Firewall software: how to secure your internet traffic

Firewall software is used to have control over the (internet) traffic between computers. A firewall makes sure you are not visible on the internet, and if you are, nobody is allowed to enter without your knowledge and specific authorization. This makes your internet connection a lot safer (a firewall is even more important then virus scan software). Windows XP is already provided with a firewall and most of the hardware routers are also provided with a firewall (sometimes you have to activate it).

The question rises: why install firewall software on my Windows system? The answer is easy: with firewall software you aren't only in control of the incoming traffic, but also in control of the outgoing traffic. You are able to control which applications are allowed to go online and which you rather would block internet access. If you get infected by a Trojan or virus which wants to send information (like your passwords...) to the internet, it has to pass the firewall. Access to the internet is blocked for the application, until you have allowed the specific traffic. Resuming: The firewall gives you total control over what goes to and comes from the internet.

Especially if you have a network and/or a fast internet access like cable or DSL, then it's not wise not to use a firewall, especially if you have also installed a wireless router. Most of the times you get a fixed IP address from your internet provider, which means that if you are found as an open computer, you are easily found again, especially when you are always online. Also with a changing IP address, it's wise to use a firewall, to make sure no personal information comes in strange hands.

Windows build-in firewall

The internet connection of both Windows XP and Windows Vista is secured with a software based firewall. The Windows XP firewall only verifies the incoming traffic while the Windows Vista firewall verifies both incoming and outgoing traffic. Unfortunately, most applications are allowed to access the internet by default. It would be safer if all application would be blocked until the user has allowed the access to the internet connection. For Windows Vista, blocking applications can be done manually in the sub Administrative Tools in the Control Panel, option Windows Firewall with Advanced Security.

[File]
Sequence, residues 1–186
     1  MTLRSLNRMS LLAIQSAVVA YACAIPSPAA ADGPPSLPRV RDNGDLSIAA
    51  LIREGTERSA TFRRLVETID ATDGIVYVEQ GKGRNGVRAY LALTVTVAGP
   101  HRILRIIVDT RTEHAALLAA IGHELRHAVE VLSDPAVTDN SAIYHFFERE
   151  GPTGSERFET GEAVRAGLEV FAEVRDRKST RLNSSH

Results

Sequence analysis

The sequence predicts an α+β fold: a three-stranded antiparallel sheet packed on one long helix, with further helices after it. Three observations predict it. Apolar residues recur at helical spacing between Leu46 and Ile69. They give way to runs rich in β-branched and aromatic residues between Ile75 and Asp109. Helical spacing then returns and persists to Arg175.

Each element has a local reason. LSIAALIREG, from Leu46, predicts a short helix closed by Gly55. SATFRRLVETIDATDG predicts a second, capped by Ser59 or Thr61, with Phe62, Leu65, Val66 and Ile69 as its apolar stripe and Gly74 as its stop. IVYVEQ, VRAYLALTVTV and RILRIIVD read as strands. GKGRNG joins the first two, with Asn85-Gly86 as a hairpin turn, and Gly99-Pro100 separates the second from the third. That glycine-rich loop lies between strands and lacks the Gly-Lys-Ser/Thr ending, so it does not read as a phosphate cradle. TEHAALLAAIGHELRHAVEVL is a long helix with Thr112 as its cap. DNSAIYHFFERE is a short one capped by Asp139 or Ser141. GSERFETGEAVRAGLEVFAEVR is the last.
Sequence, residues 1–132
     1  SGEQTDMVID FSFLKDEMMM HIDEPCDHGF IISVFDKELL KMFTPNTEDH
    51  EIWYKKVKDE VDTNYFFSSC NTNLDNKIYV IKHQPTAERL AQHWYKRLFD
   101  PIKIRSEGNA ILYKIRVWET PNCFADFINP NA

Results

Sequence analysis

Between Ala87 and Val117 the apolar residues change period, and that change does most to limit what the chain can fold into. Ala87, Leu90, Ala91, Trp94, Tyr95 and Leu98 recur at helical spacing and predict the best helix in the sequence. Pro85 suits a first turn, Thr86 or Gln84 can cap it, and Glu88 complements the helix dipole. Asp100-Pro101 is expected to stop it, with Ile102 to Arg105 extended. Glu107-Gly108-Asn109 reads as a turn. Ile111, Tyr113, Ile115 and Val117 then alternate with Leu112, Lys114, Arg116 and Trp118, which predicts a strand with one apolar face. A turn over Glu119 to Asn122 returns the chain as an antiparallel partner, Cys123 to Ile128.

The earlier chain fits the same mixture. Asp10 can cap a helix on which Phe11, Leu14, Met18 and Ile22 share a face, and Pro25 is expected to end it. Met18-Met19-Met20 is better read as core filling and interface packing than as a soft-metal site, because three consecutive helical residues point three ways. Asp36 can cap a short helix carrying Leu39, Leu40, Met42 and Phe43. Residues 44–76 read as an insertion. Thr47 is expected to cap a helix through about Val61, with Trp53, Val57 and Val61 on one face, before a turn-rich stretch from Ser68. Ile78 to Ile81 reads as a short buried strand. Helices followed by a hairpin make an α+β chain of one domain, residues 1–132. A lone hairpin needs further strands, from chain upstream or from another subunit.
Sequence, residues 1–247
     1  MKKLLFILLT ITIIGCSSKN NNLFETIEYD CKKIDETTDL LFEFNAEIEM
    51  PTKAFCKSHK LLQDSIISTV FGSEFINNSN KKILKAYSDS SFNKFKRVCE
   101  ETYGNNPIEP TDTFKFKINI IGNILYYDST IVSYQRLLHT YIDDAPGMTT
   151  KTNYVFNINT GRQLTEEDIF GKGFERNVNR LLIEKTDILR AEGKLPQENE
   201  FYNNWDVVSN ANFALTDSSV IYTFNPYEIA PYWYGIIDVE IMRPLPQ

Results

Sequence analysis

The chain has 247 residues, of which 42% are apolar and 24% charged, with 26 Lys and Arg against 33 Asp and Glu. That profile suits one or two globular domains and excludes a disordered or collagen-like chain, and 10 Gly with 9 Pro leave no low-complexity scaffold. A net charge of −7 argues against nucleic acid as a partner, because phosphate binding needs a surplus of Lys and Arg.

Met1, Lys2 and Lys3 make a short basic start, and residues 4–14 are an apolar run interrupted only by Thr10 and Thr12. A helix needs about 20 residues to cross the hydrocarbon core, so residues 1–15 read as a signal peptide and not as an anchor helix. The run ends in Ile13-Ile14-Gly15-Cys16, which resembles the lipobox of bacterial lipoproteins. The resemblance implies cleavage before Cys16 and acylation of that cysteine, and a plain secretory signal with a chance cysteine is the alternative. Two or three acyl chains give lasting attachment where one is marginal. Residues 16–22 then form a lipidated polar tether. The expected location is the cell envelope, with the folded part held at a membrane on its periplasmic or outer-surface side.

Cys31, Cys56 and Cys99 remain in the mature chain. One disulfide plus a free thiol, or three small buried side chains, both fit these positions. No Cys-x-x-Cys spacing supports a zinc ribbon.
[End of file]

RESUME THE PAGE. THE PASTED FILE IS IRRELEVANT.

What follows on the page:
Firewalls to download

This website decribes a few firewalls which you can download and use for free (I prefer Comodo):

These firewalls run fine besides the Windows firewall.


In case of an upgrade or replacement of an already installed firewall (which can be part of a security suite), it is necessary to uninstall the previously used firewall first (with the exception of the default Windows firewall) before installing the new firewall to prevent the risk of boot problems and a bad internet connection! Uninstalling the current firewall can be done by the sub Software (XP)/Programs and Features (Vista) in the Control panel. If the firewall is not uninstalled and Windows no longer boots, Comodo (or the already installed firewall...) can be uninstalled in safe mode (press F8 while booting Windows). If uninstalling is not possible either, try to disable it first with the tool MSCONFIG. If System Restore is active, try to go back to a restore point which was made before the installation of the Comodo firewall (Start, All Programs, Accessories, System Tools, System Restore).


I know there are a lot of people who decided to share their whole C: partition. Of course this makes it easy to share information between two or more computers, but without any security all your information (also your passwords....), will be shared with your 'friends' on the internet. Be careful with sharing data, to make them accessible by other computers, with a firewall you can configure extra authorization rules. There is more information about sharing files and folders on the page about creating a (wireless) network.

Windows 7
Windows Vista
Windows XP
AVG antivirus
Comodo Internet Security
Back-up/file Sync
Free software
Wireless network
Sharing files
Installing Windows in 10 steps
Backup data/drivers
Resizing partitions
Move personal files

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